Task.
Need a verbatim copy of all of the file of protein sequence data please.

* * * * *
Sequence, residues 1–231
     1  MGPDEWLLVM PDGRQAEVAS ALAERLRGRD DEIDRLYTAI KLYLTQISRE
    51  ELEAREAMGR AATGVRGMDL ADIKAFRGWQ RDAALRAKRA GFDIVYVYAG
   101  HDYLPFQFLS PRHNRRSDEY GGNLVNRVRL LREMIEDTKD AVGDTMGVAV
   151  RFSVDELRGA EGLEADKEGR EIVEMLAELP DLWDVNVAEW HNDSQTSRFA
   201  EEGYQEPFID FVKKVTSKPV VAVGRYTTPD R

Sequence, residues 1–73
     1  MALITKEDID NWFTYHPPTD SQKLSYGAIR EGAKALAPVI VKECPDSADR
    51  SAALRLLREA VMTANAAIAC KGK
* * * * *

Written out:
Sequence, residues 1–231
     1  MGPDEWLLVM PDGRQAEVAS ALAERLRGRD DEIDRLYTAI KLYLTQISRE
    51  ELEAREAMGR AATGVRGMDL ADIKAFRGWQ RDAALRAKRA GFDIVYVYAG
   101  HDYLPFQFLS PRHNRRSDEY GGNLVNRVRL LREMIEDTKD AVGDTMGVAV
   151  RFSVDELRGA EGLEADKEGR EIVEMLAELP DLWDVNVAEW HNDSQTSRFA
   201  EEGYQEPFID FVKKVTSKPV VAVGRYTTPD R

Sequence, residues 1–73
     1  MALITKEDID NWFTYHPPTD SQKLSYGAIR EGAKALAPVI VKECPDSADR
    51  SAALRLLREA VMTANAAIAC KGK